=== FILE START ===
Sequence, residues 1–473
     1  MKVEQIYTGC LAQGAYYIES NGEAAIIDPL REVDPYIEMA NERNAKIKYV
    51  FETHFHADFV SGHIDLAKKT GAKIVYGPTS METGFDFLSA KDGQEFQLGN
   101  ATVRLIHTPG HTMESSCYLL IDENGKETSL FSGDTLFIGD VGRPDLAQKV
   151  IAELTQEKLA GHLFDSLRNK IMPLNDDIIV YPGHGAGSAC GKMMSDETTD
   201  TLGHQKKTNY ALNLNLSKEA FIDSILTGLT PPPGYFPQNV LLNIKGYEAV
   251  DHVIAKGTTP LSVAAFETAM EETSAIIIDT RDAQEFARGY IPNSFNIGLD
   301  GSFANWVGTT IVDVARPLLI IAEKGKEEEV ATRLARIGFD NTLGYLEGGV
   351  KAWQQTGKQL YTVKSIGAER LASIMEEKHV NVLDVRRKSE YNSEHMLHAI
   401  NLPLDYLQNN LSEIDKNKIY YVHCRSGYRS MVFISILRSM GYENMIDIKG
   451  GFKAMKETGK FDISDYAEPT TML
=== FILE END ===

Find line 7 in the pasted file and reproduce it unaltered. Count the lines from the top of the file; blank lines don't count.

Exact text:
   251  DHVIAKGTTP LSVAAFETAM EETSAIIIDT RDAQEFARGY IPNSFNIGLD